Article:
The Globe Guide to Shakespeare

Lavishly illustrated, The Globe Guide to Shakespeare is a joy to behold and a pleasure to read. Written by Andrew Dickson, with contributions by Joe Staines, this isn’t a musty, fusty academic treatise thick with jargon. As the authors say in the introduction, “Above all, this isn’t intended to be a textbook, and we hope it’s fun to read: our ambition throughout has been to demystify Shakespeare, to show there are interesting ways of thinking about his works without saturating them in academic jargon.” Continue reading “The Globe Guide to Shakespeare”

Pop music and hit parades

The first regular UK singles chart was published on this day, November 14, in 1952 by the New Musical Express, reminds the website On This Day. Someone has duly posted that on Twitter including even a scanned copy of the newspaper clipping “announcing the first record hit parade”. Yes, that’s what we called weekly lists of bestselling pop music records — “hit parades”.   Continue reading “Pop music and hit parades”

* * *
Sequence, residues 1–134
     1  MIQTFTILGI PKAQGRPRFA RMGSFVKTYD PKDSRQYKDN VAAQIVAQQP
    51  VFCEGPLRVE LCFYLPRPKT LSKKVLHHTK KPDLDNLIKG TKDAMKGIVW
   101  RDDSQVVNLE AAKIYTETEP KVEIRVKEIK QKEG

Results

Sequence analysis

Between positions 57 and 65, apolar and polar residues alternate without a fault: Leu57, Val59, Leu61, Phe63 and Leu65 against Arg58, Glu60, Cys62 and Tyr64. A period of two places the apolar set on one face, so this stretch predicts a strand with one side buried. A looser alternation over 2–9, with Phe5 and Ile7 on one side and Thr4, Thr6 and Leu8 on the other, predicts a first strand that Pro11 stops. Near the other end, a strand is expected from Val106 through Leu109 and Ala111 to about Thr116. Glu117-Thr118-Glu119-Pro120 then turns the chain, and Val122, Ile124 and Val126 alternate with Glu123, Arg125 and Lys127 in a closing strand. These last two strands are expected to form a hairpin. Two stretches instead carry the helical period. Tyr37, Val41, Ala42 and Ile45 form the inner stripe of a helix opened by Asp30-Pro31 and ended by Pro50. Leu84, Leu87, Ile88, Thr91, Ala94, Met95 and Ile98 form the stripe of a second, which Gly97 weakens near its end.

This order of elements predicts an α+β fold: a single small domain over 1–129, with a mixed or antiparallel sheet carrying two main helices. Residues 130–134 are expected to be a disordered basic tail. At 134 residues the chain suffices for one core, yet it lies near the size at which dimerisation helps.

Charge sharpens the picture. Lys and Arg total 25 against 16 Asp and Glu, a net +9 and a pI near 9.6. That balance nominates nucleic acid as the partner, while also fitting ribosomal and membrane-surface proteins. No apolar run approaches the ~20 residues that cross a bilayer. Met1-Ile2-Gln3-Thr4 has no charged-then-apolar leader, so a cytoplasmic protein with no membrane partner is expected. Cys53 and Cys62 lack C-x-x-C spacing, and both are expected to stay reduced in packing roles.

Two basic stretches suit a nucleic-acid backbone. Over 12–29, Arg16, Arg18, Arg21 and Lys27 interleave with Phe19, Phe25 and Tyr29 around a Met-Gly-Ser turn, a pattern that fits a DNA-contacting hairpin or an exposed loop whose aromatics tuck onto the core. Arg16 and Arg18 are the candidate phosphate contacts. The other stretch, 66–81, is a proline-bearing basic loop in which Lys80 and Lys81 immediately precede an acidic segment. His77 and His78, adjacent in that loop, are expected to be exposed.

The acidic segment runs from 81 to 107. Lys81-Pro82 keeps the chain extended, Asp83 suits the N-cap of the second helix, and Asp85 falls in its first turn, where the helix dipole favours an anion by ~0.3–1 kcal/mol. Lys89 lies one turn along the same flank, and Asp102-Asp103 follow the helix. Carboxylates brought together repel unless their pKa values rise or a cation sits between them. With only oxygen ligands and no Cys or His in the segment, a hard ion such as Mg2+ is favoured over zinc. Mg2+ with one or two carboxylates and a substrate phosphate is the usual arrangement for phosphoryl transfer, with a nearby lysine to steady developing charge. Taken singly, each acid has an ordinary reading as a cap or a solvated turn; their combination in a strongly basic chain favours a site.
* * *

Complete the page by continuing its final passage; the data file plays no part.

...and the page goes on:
Orwell: Why I Write, BBC and Reflections on Gandhi

Anyone who likes to write will probably agree with some of the things George Orwell (June 25, 1903 – January 21, 1950) has to say on why we write. In his essay, Why I Write, which appeared in 1946, four years before he died at the age of 46, Orwell wrote: Continue reading “Orwell: Why I Write, BBC and Reflections on Gandhi”

RK Narayan’s Malgudi Days

RK Narayan enjoyed writing short stories more than novels. He said so in the introduction to his collection of short stories, Malgudi Days.

First published in Penguin Books in 1984, Malgudi Days includes selections from his earlier collections, An Astrologer’s Day and Other Stories (1947) and Lawley Road and Other Stories (1956 ), as well as stories that had appeared in such publications as The New Yorker, Playboy and Antaeus. Continue reading “RK Narayan’s Malgudi Days”

Julius Caesar

Scholarship is like technology, always evolving. The Arden Shakespeare edition of Julius Caesar I picked up from the library can’t be the Arden edition of Julius Caesar I read in my schooldays. This edition, first published in 1998, is edited by David Daniell, who begins his introduction to the play by asserting, “Julius Caesar is Shakespeare’s first great tragedy.” Continue reading “Julius Caesar”